Fox 38 MTB Fork: Should I Upgrade From My Trusty Fox 36?

What beer color is that fat stanchion? Old English 800?

Why not just make a single-crown gravity fork using existing 40mm stanchions? Since they had the tubes around, there is a good chance the Fox engineers tried that while developing this latest model. After oodles of testing and rumors had rumbled, they released this new 38 fork in April of 2020. It now comes stock on a number of bikes with 160 to 180mm of travel, and we wanted to take a look at why some riders may want to try the stiffer stanchions.

The 36 and 38 have most of all of the same sweet chassis features and functionality, from the burp-valves that release air pressure in the lowers after drastic elevation gain, to the floating axle that allows the stanchions to telescope with less friction and the oil bypass channels that are designed to move a little more lube near the seals. These forks are well thought out from axle to crown.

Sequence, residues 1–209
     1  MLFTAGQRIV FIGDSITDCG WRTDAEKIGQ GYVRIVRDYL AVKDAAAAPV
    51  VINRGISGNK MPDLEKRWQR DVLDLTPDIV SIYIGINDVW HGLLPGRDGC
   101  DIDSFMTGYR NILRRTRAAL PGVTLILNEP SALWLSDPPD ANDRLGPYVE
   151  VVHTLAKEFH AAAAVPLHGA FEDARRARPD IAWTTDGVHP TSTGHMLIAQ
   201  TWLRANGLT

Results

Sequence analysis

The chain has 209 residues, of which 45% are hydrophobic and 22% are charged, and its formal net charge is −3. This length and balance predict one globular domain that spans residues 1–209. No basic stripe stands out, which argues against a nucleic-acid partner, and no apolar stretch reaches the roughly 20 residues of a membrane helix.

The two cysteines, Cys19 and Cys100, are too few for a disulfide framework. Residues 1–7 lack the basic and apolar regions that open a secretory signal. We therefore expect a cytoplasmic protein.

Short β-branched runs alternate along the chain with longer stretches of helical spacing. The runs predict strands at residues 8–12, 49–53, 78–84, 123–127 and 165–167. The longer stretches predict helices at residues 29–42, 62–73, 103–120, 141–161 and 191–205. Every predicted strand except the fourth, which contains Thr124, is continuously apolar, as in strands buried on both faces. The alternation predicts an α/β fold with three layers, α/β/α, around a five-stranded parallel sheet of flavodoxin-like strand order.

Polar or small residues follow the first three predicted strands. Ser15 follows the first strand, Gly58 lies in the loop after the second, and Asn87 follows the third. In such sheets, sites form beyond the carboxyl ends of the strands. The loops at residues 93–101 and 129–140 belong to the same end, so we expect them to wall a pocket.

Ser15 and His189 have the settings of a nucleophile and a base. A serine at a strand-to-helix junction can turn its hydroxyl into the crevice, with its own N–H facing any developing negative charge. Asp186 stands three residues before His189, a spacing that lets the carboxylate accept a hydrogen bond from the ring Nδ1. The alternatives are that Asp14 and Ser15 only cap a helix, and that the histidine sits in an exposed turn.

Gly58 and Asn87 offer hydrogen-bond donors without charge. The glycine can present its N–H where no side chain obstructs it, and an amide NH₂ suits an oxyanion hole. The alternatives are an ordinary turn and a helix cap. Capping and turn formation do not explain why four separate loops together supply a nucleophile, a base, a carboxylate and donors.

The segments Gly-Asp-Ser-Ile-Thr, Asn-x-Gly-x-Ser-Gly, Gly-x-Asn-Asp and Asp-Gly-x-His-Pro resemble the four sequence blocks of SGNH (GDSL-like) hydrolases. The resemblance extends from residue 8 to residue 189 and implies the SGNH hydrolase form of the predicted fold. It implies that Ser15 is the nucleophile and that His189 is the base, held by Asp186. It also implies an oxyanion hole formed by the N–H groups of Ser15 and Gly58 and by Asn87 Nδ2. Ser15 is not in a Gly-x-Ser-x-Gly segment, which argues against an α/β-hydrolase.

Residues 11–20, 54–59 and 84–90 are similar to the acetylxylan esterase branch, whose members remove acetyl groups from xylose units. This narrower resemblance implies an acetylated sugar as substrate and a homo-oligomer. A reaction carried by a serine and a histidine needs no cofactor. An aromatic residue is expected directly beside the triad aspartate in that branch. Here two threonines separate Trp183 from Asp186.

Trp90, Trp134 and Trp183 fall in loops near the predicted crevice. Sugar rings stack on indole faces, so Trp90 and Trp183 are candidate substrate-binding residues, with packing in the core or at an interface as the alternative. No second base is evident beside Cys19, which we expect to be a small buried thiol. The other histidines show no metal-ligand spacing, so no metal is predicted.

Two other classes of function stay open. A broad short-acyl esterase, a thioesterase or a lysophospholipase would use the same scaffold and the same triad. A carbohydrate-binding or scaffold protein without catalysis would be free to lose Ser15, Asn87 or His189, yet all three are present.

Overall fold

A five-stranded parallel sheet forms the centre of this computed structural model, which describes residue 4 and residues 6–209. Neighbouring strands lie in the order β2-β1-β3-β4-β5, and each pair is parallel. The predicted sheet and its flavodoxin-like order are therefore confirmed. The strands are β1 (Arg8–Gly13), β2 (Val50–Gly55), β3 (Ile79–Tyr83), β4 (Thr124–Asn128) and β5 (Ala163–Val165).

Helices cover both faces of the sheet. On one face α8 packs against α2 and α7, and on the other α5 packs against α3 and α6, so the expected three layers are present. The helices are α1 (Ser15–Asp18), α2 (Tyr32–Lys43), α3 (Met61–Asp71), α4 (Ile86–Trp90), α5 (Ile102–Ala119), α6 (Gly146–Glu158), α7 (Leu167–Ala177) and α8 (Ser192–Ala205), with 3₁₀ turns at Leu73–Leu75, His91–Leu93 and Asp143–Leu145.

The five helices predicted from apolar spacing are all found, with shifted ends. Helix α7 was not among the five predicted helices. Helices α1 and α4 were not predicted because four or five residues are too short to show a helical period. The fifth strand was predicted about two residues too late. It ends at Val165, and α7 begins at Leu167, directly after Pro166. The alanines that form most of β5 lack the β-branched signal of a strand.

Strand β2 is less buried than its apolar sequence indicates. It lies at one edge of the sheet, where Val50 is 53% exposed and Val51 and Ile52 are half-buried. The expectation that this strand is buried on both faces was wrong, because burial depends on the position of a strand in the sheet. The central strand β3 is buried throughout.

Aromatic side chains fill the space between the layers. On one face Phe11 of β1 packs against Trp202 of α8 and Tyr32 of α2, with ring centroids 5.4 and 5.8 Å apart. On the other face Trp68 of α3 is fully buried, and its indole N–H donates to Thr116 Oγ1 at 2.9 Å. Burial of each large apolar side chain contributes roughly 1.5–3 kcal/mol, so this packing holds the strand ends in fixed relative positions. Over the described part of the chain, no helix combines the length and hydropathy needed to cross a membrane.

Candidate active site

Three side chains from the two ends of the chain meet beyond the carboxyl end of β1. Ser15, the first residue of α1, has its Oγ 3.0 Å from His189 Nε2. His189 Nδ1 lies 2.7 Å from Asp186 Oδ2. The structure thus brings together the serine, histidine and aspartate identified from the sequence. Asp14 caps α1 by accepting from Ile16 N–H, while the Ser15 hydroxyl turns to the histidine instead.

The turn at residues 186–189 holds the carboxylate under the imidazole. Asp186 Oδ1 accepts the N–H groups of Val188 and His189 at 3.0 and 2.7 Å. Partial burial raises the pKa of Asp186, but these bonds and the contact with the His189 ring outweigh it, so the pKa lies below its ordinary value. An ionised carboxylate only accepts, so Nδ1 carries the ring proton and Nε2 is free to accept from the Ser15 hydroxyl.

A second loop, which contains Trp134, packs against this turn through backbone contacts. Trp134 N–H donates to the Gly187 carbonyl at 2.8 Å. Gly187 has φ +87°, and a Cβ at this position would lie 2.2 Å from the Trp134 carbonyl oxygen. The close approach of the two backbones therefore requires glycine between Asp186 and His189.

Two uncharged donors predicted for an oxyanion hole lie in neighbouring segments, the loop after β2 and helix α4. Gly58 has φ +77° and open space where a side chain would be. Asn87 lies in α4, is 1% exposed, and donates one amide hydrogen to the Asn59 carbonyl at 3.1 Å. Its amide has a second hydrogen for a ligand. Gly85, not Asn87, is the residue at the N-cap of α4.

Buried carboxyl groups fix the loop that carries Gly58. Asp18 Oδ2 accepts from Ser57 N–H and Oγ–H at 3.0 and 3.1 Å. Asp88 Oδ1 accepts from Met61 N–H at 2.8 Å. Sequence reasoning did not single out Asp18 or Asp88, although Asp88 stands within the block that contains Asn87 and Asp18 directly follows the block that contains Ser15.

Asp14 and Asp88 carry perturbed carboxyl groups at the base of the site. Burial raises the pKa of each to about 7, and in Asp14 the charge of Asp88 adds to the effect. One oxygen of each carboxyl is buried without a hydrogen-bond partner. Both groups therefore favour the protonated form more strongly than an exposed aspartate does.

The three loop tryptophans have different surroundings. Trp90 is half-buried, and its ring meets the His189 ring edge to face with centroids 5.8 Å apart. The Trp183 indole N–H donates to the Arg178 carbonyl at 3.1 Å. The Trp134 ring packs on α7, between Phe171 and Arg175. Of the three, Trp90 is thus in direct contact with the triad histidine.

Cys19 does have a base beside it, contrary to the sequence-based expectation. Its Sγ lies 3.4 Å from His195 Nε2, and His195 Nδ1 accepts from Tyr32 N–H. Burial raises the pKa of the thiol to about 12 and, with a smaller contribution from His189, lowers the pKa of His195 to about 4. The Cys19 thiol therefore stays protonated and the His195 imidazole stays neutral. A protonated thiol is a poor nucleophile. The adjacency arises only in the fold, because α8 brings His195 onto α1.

In addition to the broader stanchions on the 38, the fork’s internal steerer tube is ovalized with additional material on the front and rear for increased stiffness. By their measurements, Fox says that the 38 fork is “31% stiffer transverse shear, 17% stiffer fore/aft, and 38% torsionally stiffer than the 36.” All that material does make the fork a fair bit heavier, tipping the scale roughly 300g deeper than the 36 that we tested last season.

38 fork weight before chopping the steerer.

Is that additional weight worth it?

There’s no denying that this fork feels more precise on track. When you’re trying to squeeze milliseconds out of a few turns on a rough ribbon of dirt, the 38 will follow your preferred line a bit better than the 36, allowing you to ride a touch faster and shave time. Weighing 69kg in full kit, the stiffness difference between the two forks is likely less noticeable for me than someone who weighs more or rides harder and faster. Fortunately there are scads of riders with more skills and courage than I, and for those folks the 38 might be a game changer.